News Local

Efforts pay off for local teen

By Gisele Winton Sarvis, Special to Postmedia Network

Megan Troian, second from left, 18, of Ramara Township, is the recipient of a $2,500 scholarship from the Diabetes Hope Foundation. Supporting her at the award ceremony in Toronto were RN Whitney Gowanlock, pediatric diabetes nurse educator, Kim Babcock, registered dietitian and certified diabetes educator, and Angela Bishop, registered social worker. Troian's pediatrician, Garry Smith, was not able to attend the ceremony, but he wrote a letter of recommendation for Troian for the award. (SUBMITTED PHOTO)

Megan Troian, second from left, 18, of Ramara Township, is the recipient of a $2,500 scholarship from the Diabetes Hope Foundation. Supporting her at the award ceremony in Toronto were RN Whitney Gowanlock, pediatric diabetes nurse educator, Kim Babcock, registered dietitian and certified diabetes educator, and Angela Bishop, registered social worker. Troian's pediatrician, Garry Smith, was not able to attend the ceremony, but he wrote a letter of recommendation for Troian for the award. (SUBMITTED PHOTO)

Megan Troian is a young woman who is living life to the fullest despite having Type 1 diabetes.

The 18-year-old Ramara Township resident was recently rewarded for her accomplishments with a scholarship from the Diabetes Hope Foundation. The foundation awards exceptional youth who have been successful in managing their diabetes, while also excelling in academics, sports and community development.

Troian said she saw the poster for the scholarship in the diabetes clinic a long time ago and decided to do the work necessary to make herself eligible.

“It’s something that always appealed to me,” she said, adding she knew she would have a chance “if I worked really hard, stayed focused and made sure I’m healthy and kept my blood sugar in check.”

Troian, a graduate of Patrick Fogarty Catholic Secondary School, said she would put the $2,500 toward her studies to become a dietitian. She is going to Ryerson University in September. Her goal is to help others who are struggling to learn to live with Type 1 diabetes.

“The support that my dietitian has given me and my experience with diabetes, I think, would really benefit other kids. I know what they are going through. I’ve been there,” said Troian, who was diagnosed with the genetic type of diabetes in 2000.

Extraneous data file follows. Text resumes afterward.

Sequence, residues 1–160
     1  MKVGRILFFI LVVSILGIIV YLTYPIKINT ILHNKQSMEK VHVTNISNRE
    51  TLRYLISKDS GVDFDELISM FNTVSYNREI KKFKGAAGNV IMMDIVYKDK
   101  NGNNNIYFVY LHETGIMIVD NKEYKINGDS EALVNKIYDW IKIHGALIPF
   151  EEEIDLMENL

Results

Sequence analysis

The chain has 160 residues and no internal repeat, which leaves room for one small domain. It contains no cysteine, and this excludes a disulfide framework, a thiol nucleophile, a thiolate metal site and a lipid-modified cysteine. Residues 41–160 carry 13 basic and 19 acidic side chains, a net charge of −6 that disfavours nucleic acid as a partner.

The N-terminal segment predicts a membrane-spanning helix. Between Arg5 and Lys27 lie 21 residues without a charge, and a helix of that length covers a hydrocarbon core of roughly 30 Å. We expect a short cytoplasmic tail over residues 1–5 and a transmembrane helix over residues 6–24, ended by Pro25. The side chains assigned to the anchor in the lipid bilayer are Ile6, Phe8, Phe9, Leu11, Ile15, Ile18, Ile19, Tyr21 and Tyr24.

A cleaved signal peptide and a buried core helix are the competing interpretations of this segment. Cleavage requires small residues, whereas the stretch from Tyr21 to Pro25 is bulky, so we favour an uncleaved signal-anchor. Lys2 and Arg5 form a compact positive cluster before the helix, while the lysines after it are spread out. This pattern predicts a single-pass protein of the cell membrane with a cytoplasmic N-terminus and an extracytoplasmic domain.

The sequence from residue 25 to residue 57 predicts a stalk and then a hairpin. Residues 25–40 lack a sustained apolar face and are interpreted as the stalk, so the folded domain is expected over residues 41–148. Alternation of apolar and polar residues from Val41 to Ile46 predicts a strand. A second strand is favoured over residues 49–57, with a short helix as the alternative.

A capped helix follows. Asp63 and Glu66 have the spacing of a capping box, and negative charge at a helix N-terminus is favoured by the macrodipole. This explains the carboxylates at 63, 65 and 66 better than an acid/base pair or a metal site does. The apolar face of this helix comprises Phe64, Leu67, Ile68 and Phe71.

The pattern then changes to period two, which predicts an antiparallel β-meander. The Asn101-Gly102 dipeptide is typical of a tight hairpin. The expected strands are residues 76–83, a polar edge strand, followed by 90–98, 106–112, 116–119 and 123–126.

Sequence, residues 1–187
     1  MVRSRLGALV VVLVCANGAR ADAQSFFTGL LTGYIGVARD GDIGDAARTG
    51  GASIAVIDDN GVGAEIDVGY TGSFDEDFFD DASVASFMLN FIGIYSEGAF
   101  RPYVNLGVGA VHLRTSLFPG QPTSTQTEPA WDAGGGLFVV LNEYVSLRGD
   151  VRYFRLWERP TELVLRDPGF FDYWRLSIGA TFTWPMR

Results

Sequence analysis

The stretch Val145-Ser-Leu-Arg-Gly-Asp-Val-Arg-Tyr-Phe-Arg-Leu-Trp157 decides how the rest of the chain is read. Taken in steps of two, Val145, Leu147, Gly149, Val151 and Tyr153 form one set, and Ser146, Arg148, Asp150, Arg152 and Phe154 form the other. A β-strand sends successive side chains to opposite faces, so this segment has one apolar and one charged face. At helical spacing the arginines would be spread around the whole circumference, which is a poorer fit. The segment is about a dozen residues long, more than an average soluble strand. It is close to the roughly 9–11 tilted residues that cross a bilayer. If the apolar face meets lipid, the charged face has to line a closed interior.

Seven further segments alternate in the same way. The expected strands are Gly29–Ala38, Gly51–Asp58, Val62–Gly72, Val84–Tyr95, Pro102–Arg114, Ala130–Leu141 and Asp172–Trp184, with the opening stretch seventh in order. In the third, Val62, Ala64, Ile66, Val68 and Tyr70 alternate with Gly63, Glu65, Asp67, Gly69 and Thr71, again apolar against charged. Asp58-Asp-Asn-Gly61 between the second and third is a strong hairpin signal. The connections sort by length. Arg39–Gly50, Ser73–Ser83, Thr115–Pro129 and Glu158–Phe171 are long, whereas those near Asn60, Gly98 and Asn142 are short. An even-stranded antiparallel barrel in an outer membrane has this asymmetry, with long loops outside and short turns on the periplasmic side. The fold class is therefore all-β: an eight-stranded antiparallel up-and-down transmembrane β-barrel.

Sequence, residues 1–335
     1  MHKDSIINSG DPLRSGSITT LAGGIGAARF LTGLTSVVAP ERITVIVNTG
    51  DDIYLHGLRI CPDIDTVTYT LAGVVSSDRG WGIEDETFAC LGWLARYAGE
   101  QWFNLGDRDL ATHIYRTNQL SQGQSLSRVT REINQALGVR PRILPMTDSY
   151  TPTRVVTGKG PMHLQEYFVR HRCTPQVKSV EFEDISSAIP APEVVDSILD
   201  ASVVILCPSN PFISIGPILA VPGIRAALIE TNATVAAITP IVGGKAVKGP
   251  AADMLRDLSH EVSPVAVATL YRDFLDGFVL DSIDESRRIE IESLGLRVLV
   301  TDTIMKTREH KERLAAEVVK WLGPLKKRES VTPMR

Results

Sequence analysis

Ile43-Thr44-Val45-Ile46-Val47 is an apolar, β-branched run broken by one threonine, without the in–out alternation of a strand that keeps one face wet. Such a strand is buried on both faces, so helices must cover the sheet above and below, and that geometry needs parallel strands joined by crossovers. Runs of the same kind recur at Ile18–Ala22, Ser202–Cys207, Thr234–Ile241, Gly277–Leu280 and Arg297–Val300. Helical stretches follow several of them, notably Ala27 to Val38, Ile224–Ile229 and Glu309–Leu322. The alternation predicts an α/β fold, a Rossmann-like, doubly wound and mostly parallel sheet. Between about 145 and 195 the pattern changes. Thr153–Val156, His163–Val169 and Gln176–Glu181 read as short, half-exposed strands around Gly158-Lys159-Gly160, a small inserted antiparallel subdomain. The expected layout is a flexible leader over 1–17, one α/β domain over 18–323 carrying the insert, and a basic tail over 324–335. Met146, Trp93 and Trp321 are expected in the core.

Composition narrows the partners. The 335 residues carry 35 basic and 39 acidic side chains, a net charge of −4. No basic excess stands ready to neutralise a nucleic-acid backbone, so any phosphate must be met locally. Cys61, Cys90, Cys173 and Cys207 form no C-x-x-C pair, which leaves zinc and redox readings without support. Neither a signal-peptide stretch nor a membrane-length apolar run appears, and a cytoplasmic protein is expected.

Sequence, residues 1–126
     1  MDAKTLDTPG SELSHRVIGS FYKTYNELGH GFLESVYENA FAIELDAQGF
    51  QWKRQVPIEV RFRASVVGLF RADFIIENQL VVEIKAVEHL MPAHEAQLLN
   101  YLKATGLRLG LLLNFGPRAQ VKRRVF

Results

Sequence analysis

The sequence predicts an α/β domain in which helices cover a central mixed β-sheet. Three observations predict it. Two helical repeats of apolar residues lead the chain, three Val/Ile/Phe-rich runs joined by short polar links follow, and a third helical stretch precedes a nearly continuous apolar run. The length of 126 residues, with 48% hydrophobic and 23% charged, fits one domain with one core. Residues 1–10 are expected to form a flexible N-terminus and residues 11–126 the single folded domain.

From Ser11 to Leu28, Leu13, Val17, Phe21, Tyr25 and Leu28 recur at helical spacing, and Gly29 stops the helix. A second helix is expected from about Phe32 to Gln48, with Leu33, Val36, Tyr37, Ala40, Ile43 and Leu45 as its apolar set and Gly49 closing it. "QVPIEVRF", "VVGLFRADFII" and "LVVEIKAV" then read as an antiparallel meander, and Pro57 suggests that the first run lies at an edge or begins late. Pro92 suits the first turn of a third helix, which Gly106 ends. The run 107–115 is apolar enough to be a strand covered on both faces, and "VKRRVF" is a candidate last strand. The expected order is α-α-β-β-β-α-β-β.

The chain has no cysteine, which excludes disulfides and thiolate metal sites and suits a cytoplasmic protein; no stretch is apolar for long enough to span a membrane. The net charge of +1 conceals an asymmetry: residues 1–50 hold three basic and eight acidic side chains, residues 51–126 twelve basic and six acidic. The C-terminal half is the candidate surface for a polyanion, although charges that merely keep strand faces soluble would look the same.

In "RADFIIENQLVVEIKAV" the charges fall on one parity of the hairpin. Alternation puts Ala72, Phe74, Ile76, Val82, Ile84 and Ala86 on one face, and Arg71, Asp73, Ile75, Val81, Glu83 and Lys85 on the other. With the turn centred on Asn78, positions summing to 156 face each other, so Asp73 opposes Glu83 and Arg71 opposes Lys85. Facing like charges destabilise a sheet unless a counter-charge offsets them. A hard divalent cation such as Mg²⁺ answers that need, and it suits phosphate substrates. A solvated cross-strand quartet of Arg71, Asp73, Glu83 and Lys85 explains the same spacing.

Troian, who is insulin dependent, has to test her blood sugar many times a day.

“I have to give myself insulin every time I eat, so it’s on my mind 24/7 because if I want to do something, I have to make sure I’m OK,” she said in a phone interview with The Packet & Times from Camp Huronda, a camp for diabetic children, where she works as a counsellor.

Already, Troian helps campers manage their diabetes.

“There are some kids who come and diabetes isn’t their priority, so we are role models to them. By taking care of ourselves, they see that it’s important. When they see other kids able to go climbing or biking or swimming, they see the enjoyment and the fun in it. They realize that if they want to do that, they have to take care of themselves first,” she said.

It’s her third year as a counsellor. She attended the Huntsville-area camp for five years before that.

Troian said she has experienced many firsts at the camp. Not only has she taken part in an overnight canoeing trip, rock climbing and high ropes; she has also learned how to do her own medical work related to her diabetes.

“I took on more independence in my diabetes and not having my parents right behind me. I learned to be a lot more confident in my decisions with diabetes,” she said.

This year was the first time she went on a high-ropes course.

“I faced my own fear because I knew if the campers saw me doing something, then they would want to, and that was rewarding,” she said.

On her first overnight canoe trip a couple of years ago, Troian learned to pack not only camping equipment, but also diabetes supplies.

“You have to be prepared and skilled enough to take that on,” she said.

While it’s important to be independent, she has learned it is also important to work with others and know it’s OK to ask for help, she said.

Troian's mother, Deb, said of the 43 people who received scholarships, her daughter was the only one who was accompanied by her diabetes team.

“It made me really proud to have such a dedicated team to support me and my accomplishments,” Troian said.

When she heard about her award, Troian was shocked, but also proud of herself.

“Diabetes can’t stop me from doing things. You have to embrace it if you want to move forward,” she said.

gisele.wintonsarvis@sunmedia.ca

Twitter: @GiseleSarvis


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